While the EU has slow decision-making processes and is hardly ‘in the game’, new and powerful players are stepping in. One of them is Russia and Mr Tsipras is highly aware of it. He immediately visited Russia’s Ambassador in Athens, Mr Andrey Maslov, after the election win. Greece and Russia have deep links – cultural and political – which go way beyond mere economic considerations. Tsipras has strongly criticised EU sanctions to Russia (see http://www.themoscowtimes.com/news/article/greece-s-tsipras-calls-sanctions-on-russia-hypocritical/516148.html) and proposed his country, together with Cyprus, as ‘a bridge of peace and cooperation between the EU and Russia’ (see http://www.euractiv.com/sections/global-europe/tsipras-says-greece-and-cyprus-could-be-eu-bridge-russia-311762). In addition, he was invited to Russia by President Putin with the aim of discussing ways to deepen ties, in particular in the energy sector. While Greece’s links with Russia are steeped in history and well-known, other powers are in the game as well. China is second in line, and its premier Li Keqiang has already invited Tsipras to Beijing (12 February; see http://www.bloomberg.com/news/articles/2015-02-12/china-s-li-invites-tsipras-to-visit-amid-port-sale-uncertainty). China intends to further invest in Greece, in particular in the Piraeus harbour, and could potentially offer a lot. Together with the other BRICS, Beijing has recently established a 100 billion dollars Development Bank which promises to be a real alternative to the IMF-World Bank system; the latter, amongst others, has contributed to Greece’s troubles. Will Greece receive funds from the BRICS? Would they prove better than the ‘troika’? It is early to say, but the BRICS system is taking shape, and Greece might be tempted to play the card. Another option could be that of the USA itself. Mrs Merkel visited Obama on 9 February, ostensibly to talk about Ukraine. Yet the rumour of a direct US intervention to rescue Athens has circulated, and it is highly likely the two leaders discussed this point, too. If the EU were unable to deliver, would the USA be ready to step in to prevent a BRICS financial intervention in a Western and European country?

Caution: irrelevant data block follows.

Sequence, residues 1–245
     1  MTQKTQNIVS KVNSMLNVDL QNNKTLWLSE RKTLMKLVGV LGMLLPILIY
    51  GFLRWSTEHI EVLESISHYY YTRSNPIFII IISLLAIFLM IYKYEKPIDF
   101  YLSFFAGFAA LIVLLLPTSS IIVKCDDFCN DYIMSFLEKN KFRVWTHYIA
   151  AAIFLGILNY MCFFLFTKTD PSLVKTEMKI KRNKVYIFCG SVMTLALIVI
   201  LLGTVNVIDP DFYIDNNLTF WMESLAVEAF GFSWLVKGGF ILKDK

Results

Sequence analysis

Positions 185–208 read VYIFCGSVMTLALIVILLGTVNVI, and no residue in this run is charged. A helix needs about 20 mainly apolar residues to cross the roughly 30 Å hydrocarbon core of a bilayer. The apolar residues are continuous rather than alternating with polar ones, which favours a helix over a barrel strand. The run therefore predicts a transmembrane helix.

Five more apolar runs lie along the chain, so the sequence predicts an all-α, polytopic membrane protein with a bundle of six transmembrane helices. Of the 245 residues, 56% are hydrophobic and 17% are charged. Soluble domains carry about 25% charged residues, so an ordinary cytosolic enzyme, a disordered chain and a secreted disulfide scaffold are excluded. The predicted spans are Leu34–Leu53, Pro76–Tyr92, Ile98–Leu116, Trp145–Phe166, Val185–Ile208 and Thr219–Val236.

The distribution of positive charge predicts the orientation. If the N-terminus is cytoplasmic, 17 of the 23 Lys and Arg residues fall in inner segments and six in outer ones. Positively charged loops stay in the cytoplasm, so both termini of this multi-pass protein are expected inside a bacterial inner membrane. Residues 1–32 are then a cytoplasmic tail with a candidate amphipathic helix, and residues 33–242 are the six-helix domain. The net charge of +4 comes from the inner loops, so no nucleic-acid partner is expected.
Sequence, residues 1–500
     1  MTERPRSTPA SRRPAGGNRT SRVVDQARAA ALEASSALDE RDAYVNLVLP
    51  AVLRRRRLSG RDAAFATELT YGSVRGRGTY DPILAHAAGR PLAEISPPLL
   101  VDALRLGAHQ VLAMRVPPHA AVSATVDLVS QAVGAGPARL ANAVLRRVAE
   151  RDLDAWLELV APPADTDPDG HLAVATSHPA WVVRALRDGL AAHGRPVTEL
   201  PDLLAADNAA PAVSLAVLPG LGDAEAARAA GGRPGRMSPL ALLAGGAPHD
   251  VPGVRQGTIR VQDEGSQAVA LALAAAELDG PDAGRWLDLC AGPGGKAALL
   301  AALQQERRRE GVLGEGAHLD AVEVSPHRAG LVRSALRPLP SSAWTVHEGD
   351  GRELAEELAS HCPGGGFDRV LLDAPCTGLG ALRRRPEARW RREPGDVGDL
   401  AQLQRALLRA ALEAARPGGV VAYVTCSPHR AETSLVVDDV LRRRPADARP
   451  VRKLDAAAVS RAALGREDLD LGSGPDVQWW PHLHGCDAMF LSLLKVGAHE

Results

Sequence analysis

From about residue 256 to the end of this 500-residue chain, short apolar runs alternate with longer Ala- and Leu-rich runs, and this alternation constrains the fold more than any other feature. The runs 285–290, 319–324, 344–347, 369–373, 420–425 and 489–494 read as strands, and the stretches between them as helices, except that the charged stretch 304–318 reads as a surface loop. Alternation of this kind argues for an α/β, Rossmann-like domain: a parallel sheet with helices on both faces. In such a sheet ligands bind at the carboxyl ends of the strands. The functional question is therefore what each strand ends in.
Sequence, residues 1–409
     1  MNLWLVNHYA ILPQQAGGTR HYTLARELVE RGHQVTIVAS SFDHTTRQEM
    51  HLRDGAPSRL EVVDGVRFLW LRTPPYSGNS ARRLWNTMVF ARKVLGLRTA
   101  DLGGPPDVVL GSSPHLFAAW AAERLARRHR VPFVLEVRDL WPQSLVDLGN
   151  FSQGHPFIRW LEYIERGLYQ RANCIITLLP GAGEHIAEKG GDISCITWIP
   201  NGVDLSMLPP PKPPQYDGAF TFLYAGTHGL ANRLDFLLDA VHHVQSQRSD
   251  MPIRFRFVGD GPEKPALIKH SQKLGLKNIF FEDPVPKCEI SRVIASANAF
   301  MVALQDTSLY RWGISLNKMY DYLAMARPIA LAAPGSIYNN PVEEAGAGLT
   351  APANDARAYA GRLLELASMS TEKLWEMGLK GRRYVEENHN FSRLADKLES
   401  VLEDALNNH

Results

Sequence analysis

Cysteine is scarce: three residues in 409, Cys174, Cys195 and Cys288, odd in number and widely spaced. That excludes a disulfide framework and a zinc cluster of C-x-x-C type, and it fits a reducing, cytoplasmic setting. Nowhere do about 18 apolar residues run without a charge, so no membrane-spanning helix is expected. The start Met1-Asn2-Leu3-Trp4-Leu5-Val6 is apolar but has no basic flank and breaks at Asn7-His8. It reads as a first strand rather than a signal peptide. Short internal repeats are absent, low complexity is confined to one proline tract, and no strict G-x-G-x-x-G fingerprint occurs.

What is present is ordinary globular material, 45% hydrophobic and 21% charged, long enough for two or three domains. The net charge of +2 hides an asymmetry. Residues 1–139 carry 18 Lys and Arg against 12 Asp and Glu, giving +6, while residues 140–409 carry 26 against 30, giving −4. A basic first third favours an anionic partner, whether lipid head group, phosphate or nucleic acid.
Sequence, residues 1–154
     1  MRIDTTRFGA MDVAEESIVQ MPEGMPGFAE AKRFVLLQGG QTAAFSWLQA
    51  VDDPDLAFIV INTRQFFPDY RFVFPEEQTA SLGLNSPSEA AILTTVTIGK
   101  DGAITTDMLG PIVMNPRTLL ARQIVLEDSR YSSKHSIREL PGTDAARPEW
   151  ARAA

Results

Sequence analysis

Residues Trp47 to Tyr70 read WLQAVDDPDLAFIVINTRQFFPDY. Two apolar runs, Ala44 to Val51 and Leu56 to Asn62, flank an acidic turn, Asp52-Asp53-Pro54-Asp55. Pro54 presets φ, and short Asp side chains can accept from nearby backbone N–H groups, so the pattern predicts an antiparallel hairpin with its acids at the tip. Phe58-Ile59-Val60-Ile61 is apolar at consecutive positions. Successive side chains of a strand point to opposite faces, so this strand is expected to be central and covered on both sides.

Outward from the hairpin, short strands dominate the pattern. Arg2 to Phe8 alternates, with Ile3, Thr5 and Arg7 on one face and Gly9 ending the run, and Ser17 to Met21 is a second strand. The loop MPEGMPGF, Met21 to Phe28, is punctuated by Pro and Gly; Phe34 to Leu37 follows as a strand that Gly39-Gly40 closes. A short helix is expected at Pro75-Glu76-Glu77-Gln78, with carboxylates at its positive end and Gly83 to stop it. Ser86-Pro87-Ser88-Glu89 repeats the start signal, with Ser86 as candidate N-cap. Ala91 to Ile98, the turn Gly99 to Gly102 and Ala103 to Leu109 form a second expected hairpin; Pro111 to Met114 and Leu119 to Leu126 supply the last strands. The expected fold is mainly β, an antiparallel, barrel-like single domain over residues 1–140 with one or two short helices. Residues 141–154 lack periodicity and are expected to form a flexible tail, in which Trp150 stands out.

Interestingly, the Mediterranean is facing tough challenges on both shores. Southern European countries are hardly recovering from the economic crisis, while those in North Africa are still victims of the ‘Arab Spring’’s failure. In this context, Putin’s visit to Egypt (9-10 February) has been particularly important. Egypt is a ‘sleeping giant’ with a population of almost 90 million, but has never achieved an economic status in line with its ambitions and historical greatness. Could Egypt join the BRICS club? In the future, perhaps, yes, but everything is contingent on regional stability. Good relations between presidents Putin and Al Sisi are important, because Egypt is in turn well-connected to Saudi Arabia and can help fight ISIS and terrorism at home and in neighbouring countries such as Libya. The latter, too, is paying the price of an ill-conceived Western intervention and is now torn by a horrendous civil war.

 

Overall, the Mediterranean region is having issues with ‘the West’, which usually claims to trace its history back to ancient Greece or even the Nile valley. Unfortunately, problems are emerging everywhere; from Italy’s and Greece’s financial troubles to tragedies in Libya and Syria; not to mention the awkward position of Turkey, which a decade ago was looking to the West and the EU and is now more often co-operating with Russia, China, and Central Asian states. New players in the region are and will be more and more welcome; it is the EU’s task to return to its political inspiration and offer a palatable alternative to the dull and traumatic options embodied by the various ‘troikas’.

 

Photo: politiken.dk